Butterfly effect: A mentor for millions of deprived youths
By Sangeeta Bora | ENS | Published: 14th February 2013 07:58 AM |
For Arundhati Gupta, working in the finance sector seemed to be her destiny. But her fate was not to be in the business of money.
Today, Arundhati is on a different high, empowering mentoring relationships between disadvantaged youth and committed volunteer mentors, that further the capabilities of youths to pursue their valued goals and dreams, through Mentor Together, an NGO which she co-founded.
Ask her, what inspired her to start such an organisation and she narrates, "I met Prof Rajeev Gowda of the IIM-B in 2007 during my last year in Mount Carmel College. He asked me to help him organise career exploration events in colleges around Bangalore. While doing these events, we saw the immense potential to do long term mentoring and the value it could add to young people's lives. A lot of adult-youth relationships can be very prescriptive and top-down. But mentoring is a more equal and two-way relationship where both mentors and mentees learn a lot from each other. After my graduation, while I enjoyed working in finance and studying it as well, I realised in a couple of years that I still found my experiences working with youth, the most empowering. So I decided to start the NGO."
Today, the organisation identifies socio-economically disadvantaged youths and provides them with much-needed mentorship.
NGOs like Swami Vivekananda Youth Movement helped in identifying some youths.
Many companies through various CSR activities helped identify some of mentors. Says Arundhati, "We want to make sure that the mentors are reliable and when CSR channel passes them on, we know that they are trustworthy people."
In Mentor Together, it is not compulsory that mentees have to come from NGOs, but Arundhati believes that it helps as these NGOs may have done the larger filtering of socially and economically deprived youths. The organisation caters to youth in the age group of 14 to 21 years. She said, "We also have many youths from various youth movements placed in youth shelters or institutions who must have lost their ties with families or who have been pursuing formal education but do not have enough support. Depending on their needs, we set up mentors."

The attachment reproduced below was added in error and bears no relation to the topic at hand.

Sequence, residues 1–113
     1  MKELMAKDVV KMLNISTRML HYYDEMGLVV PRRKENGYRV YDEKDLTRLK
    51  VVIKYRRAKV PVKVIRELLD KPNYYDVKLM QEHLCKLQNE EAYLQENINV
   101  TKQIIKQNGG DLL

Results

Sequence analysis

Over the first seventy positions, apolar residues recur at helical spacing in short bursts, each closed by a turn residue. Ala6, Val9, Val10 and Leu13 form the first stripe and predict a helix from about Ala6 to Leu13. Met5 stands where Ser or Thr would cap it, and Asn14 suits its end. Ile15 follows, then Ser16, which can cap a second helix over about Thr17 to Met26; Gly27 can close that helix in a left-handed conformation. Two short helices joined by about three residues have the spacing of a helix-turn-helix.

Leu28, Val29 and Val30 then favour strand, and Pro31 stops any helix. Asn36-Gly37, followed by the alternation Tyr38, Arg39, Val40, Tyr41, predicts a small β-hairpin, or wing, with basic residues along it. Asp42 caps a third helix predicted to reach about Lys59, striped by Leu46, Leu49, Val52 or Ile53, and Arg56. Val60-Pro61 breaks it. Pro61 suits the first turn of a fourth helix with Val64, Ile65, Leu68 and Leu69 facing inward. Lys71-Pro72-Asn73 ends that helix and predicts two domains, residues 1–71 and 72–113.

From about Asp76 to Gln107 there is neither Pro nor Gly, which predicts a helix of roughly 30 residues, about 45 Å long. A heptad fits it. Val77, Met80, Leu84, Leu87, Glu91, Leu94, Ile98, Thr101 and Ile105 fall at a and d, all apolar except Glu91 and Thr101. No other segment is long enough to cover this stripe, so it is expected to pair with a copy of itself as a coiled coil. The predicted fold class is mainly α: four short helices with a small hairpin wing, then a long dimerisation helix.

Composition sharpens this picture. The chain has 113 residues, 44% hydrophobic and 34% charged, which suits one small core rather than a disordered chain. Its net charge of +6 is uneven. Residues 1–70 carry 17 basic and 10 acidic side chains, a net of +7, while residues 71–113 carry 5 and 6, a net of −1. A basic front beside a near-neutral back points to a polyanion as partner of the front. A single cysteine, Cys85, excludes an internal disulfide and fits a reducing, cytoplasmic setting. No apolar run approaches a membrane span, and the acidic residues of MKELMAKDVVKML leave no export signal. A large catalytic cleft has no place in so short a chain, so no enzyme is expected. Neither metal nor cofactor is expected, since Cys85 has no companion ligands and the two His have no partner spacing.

According to Arundhati, what makes Mentor Together different from other coaching classes is that the ecosystem is built for longer connect. "Here, mentor-mentee module is about relationship building. It is a one on one relationship that they share. You spend time in an informal way and the emotional support is huge. Considering the mentors come from good backgrounds and have more access to opportunities, the youth are exposed to plethora of opportunities that they deserve," she says.
There is a strict selection process that mentors have to undergo before getting on board.
They have to face a basic application where information pertaining to their background and other questions are asked.
This is followed by a personal interview and a little more information about their engagement style is scrutinised. Lastly, it is followed by two reference checks - personal and professional.
The timing and meeting places of mentor and mentees are very flexible. Anboo, a mentor says, "I meet my mentee twice a week for one hour." It is not always intellectual topics , there are fun moments as well that mentees share with their mentors.
Vandana, a mentor had been to the flower show in Lalbagh with her mentee. Similarly Vishwanathan goes out for a coffee break with his mentee.
Vandana says, "My mentee is very cooperative and we never had any tough time adapting to each other." But not all are as lucky. Uday Shankar had a tough time in bringing his mentee's concentration towards studies from cricket.